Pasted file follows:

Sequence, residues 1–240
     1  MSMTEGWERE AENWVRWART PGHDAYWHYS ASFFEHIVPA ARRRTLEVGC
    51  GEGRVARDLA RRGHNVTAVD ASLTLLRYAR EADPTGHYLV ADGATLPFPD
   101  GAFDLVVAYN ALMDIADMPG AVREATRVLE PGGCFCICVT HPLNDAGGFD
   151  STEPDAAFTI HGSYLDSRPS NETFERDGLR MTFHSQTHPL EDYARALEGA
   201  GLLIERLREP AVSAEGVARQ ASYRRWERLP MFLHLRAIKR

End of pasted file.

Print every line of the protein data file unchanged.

Sequence, residues 1–240
     1  MSMTEGWERE AENWVRWART PGHDAYWHYS ASFFEHIVPA ARRRTLEVGC
    51  GEGRVARDLA RRGHNVTAVD ASLTLLRYAR EADPTGHYLV ADGATLPFPD
   101  GAFDLVVAYN ALMDIADMPG AVREATRVLE PGGCFCICVT HPLNDAGGFD
   151  STEPDAAFTI HGSYLDSRPS NETFERDGLR MTFHSQTHPL EDYARALEGA
   201  GLLIERLREP AVSAEGVARQ ASYRRWERLP MFLHLRAIKR